Icononzo, Colombia, Sept 7 (AFP/APP):The logo on ex-FARC combatant Davinson Lopez’s tee-shirt says it all, and it’s a message Colombians desperately want to hear: “Our only weapon is peace.”
A week ago several of the most prominent leaders of the Revolutionary Armed Forces of Colombia sent a chill through this conflict-weary country when they emerged briefly from hiding to declare a return to arms.
Ivan Marquez, FARC’s top negotiator for the 2016 peace agreement, said the government had reneged on key components of the deal and the time had come “for a new stage of fighting.”
But the majority of combatants who disarmed following the deal, and settled in normalization zones like this one in the green hills of Icononzo, say they are sticking with the peace process — despite
perceptions that the government lacks the will to implement it fully.
Lopez admits Marquez’s call knocked him back on his heels.
“No one expected this situation, let alone from Comrade Ivan Marquez,” he said. “He was very committed to the process, because he was the one who signed it.”
The 2016 peace agreement ended a 50-year conflict. And there’s little stomach for a return to the fray in these parts.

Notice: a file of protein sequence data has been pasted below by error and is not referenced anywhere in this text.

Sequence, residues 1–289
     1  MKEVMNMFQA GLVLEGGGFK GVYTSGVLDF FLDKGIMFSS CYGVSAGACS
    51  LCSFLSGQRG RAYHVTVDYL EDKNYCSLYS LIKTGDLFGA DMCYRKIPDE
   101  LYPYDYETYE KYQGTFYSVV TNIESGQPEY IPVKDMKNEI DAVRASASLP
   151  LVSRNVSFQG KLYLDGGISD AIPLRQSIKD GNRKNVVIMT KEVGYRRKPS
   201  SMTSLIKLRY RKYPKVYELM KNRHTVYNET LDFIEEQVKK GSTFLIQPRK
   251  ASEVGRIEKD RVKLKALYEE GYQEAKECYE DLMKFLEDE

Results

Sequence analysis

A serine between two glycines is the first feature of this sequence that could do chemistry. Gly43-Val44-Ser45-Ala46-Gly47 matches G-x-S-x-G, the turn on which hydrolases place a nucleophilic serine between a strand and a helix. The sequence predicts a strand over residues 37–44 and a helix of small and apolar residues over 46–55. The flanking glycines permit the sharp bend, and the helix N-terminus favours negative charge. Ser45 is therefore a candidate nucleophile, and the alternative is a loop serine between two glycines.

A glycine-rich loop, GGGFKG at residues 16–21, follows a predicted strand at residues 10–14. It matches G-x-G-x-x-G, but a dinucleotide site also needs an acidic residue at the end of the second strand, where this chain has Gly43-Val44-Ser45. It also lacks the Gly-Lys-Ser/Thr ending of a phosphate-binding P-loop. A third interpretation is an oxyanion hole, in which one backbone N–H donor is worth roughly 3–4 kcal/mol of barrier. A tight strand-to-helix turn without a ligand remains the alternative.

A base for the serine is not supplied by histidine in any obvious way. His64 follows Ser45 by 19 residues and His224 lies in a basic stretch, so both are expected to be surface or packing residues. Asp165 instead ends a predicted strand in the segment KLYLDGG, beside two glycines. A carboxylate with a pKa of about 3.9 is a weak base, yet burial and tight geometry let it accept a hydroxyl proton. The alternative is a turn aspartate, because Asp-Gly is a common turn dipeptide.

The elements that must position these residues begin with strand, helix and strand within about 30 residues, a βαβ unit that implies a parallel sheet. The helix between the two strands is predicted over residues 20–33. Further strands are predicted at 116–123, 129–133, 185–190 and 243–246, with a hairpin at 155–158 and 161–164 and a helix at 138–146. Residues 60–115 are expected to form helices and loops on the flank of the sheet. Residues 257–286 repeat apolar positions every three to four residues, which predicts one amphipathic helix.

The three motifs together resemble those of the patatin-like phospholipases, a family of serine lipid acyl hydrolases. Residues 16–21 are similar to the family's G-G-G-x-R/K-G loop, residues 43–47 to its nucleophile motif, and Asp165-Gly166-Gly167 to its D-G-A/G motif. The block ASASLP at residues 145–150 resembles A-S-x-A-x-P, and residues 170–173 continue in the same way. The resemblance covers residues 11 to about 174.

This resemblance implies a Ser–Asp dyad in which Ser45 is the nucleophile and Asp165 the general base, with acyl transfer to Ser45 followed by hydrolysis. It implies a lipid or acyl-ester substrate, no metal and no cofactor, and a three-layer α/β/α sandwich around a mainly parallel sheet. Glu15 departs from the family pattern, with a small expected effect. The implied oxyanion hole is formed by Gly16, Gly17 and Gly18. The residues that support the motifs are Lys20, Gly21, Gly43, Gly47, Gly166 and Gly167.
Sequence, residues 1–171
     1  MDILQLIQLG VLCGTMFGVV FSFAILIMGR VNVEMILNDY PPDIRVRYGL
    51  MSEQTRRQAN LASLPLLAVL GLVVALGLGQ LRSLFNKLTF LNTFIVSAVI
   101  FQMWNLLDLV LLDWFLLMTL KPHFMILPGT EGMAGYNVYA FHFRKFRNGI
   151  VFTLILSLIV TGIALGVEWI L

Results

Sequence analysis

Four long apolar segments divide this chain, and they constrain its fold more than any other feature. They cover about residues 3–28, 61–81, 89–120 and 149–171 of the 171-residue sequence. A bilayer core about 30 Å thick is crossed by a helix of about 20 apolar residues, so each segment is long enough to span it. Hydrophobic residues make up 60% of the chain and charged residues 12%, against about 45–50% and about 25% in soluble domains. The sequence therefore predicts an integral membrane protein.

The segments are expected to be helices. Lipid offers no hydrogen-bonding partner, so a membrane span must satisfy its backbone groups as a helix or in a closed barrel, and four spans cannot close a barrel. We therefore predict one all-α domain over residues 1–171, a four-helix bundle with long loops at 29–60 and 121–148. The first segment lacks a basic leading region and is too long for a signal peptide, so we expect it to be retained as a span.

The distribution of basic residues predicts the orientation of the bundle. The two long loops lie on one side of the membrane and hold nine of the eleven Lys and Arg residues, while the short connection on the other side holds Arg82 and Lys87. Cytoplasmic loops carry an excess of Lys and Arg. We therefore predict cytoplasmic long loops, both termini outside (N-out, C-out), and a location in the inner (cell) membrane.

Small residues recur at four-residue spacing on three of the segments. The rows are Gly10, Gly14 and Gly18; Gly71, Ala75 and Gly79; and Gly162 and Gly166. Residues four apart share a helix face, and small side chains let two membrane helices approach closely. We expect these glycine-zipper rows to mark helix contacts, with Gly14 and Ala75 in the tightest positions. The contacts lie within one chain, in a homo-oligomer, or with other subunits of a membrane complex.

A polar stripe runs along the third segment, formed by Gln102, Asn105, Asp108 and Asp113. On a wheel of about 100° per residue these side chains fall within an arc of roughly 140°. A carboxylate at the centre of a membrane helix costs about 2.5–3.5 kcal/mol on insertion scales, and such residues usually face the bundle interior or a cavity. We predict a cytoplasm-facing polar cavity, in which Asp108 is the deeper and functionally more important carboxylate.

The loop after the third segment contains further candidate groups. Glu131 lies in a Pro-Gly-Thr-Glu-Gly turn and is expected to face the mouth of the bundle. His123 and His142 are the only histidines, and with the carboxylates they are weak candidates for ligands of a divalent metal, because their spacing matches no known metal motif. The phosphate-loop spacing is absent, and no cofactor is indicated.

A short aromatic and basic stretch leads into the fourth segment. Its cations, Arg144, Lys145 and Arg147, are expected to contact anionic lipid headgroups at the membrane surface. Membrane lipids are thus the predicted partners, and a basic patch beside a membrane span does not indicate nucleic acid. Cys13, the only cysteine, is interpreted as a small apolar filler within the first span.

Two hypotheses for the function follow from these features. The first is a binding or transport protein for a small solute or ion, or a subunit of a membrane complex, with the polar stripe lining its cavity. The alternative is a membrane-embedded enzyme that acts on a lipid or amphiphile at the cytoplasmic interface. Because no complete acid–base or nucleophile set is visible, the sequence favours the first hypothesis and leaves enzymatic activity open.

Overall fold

“Peace is irreversible,” said Lopez, in the cool mountain air of Icononzo, one of around two dozen temporary settlements meant to help the jungle fighters ease back into society.
Dirt roads wind through green hills dotted with red-roofed prefabricated houses. It has been home to some 300 former guerrillas and their families since late 2016.
“I’ve never thought about dropping this,” said former rebel Sonia Castill, taking a break from planting aloe. “After all the years fighting in the mountains, it’s too hard to throw away what we’ve achieved, so I won’t quit.”
Castill and other former combatants work the 22 hectares (55 acres) of land here to plant corn, potatoes, peas and avocados. Some work on nearby farms. Other ex-rebels have set up a small clothing company. There’s even a small craft brewery.